I'm quite disappointed that I didn't read this earlier in Obama's presidency. I've heard about a lot of the details in news stories (and, ahem, email forwards), especially the ones that caused a media sensation (the Jeremiah Wright controversy, his Kenyan heritage, various quotes on racial politics, etc). But reading the actual memoir was much different than perusing the latest headlines--it gives you the story from the horse's mouth, so to speak.
Obama's voice is remarkably young and honest in his memoir. None of this typical political vagueness that we hear from every government figure these days. But despite his relative youth upon publication, this memoir gives you the opportunity to see how his political, personal, and spiritual preferences awakened throughout his early life. For example, he admits that in his high school and college years, he often rebelled against white culture, while trying to come to terms with his black identity. But as he gained a wider range of experiences (as a community organizer in the Chicago projects, and during a long trip to Kenya to reconnect with his family), he started to build a more inclusive vision for how communities need to work together to create change:
"What is our community, and how might that community be reconciled with our freedom? How far do our obligations reach? How do we transform mere power into justice, mere sentiment into love?...in the conversation itself, in the joining of voices, I find myself modestly encouraged, believing that so long as the questions are still being asked, what binds us together might somehow, ultimately, prevail." (p 438)
He also freely admits that he was not religious in the early part of his life--he had both Muslim and Christian education, but did not join a church and explore his spirituality until his mid-twenties.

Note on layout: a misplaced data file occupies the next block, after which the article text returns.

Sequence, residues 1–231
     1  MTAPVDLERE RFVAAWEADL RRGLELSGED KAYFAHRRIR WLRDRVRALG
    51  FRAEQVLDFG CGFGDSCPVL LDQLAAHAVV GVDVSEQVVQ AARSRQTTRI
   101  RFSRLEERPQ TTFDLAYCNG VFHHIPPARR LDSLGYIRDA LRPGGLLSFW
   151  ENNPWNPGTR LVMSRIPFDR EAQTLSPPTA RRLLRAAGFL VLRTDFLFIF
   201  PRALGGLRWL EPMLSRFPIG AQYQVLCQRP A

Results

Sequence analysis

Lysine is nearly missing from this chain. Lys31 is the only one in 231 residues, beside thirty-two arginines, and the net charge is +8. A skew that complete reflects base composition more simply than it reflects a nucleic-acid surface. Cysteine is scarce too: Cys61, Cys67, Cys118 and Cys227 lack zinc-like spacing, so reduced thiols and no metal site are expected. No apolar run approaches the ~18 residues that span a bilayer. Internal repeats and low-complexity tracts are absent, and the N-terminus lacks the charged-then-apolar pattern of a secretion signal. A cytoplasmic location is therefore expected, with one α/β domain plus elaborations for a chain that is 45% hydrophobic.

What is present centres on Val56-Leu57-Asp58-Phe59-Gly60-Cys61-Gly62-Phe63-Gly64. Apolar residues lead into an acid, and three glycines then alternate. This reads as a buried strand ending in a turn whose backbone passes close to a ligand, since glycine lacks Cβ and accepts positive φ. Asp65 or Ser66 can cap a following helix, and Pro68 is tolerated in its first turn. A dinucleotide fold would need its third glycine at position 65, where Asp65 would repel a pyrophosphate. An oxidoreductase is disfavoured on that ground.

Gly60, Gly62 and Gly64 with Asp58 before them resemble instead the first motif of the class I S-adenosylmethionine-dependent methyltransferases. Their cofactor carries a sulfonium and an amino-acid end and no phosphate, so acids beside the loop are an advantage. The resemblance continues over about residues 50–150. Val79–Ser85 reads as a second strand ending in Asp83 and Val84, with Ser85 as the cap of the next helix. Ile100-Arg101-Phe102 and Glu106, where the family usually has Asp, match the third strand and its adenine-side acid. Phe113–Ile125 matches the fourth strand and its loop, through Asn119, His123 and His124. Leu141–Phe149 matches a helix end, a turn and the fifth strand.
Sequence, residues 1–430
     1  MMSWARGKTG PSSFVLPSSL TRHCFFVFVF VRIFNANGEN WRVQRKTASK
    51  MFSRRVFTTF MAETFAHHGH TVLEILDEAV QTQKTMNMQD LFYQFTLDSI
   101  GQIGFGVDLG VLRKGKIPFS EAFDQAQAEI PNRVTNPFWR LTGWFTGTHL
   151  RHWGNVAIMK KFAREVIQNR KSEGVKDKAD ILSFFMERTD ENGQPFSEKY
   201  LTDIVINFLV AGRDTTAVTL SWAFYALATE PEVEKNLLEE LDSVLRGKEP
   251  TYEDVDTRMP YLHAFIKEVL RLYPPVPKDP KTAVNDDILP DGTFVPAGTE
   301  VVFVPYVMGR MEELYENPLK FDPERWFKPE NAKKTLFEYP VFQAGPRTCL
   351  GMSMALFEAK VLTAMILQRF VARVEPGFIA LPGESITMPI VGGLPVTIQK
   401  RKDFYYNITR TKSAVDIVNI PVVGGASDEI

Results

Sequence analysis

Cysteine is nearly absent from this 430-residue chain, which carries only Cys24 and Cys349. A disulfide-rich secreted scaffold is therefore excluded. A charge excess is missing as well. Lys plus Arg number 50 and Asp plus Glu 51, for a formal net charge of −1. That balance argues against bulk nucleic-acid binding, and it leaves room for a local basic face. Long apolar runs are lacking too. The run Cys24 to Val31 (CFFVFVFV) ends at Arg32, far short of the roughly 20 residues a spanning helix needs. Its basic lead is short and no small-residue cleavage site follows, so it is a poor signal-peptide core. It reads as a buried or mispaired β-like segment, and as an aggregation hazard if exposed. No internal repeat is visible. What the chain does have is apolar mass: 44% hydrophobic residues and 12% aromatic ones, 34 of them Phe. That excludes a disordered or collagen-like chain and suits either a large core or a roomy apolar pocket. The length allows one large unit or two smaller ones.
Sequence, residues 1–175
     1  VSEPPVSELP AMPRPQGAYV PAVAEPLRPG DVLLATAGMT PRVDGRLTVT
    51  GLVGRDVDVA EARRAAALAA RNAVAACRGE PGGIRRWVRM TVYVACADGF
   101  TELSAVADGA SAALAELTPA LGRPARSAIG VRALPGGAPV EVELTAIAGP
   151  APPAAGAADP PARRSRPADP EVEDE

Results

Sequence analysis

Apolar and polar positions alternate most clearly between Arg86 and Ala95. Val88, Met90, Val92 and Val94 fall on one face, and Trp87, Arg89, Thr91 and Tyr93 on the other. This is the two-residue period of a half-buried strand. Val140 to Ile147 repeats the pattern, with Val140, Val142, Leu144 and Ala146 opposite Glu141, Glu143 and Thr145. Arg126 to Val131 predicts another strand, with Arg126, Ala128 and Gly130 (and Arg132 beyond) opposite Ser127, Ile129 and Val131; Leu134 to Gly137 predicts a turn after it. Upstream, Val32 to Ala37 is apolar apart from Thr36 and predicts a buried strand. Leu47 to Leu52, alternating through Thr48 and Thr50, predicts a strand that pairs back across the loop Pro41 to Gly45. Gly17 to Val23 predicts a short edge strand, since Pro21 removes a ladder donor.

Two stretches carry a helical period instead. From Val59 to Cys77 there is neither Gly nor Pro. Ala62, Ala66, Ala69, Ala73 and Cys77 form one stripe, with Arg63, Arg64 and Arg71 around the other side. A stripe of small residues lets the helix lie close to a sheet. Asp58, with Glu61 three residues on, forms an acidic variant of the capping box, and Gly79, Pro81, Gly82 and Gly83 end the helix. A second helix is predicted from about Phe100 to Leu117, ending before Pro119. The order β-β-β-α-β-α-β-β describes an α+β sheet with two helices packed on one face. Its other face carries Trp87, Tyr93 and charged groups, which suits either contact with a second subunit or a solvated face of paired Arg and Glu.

Neither of these admissions (about race or religion) are good for him, politically. But they're honest--and how often do you hear honesty on the campaign trail? This is just one of the many ways you can see that, at the time this was written, he did not expect to end up where he is today--and this lack of awareness makes the whole book feel more down-to-earth than your average political memoir.. (He even has a section, during his trip to Africa, where he waxes about how nice it was to be in a place where people recognized and knew how to spell his name. LOL, if you only knew, dude.) I've read his second book--The Audacity of Hope--which was published after he entered politics, and that one is MUCH more voter-image friendly (read: uplifting and unlikely to ruffle feathers).
Beyond the general tone of the book, I also enjoyed hearing the story of how Obama's life was shaped by his complicated and far-flung family. He spends many years trying to chase the dreams that he believes will connect him with his father--a man that he only met once as a boy, and who died before Obama had the chance to truly know him. So much of his life has been shaped by this relationship (or lack thereof). Despite the book's often-dense musings and descriptions, this family story kept me interested and wondering what discovery would come next. In the end, you get a detailed oral history from his grandmother, which explains his father's and grandfather's lives through the eyes of Kenya's rocky past. (As a boring ol' WASP with comparatively uneventful roots in Italy/Ireland/Germany, this was both fascinating and heartbreaking to read.)
Overall, I think any reader (from the right, left, or center) who enjoys political memoirs should give this book a try. Obviously, you're going to read different messages into it, depending on your political leanings. But it paints a portrait of a president that you don't often get to see--one of idealism and hope, before the political jockeying of Washington muddies the water. For that reason alone, it's worth the read.
(Oh, and that email forward? Nearly every line was either taken out of context or misquoted. CHALLENGE COMPLETE! Somebody call Snopes.)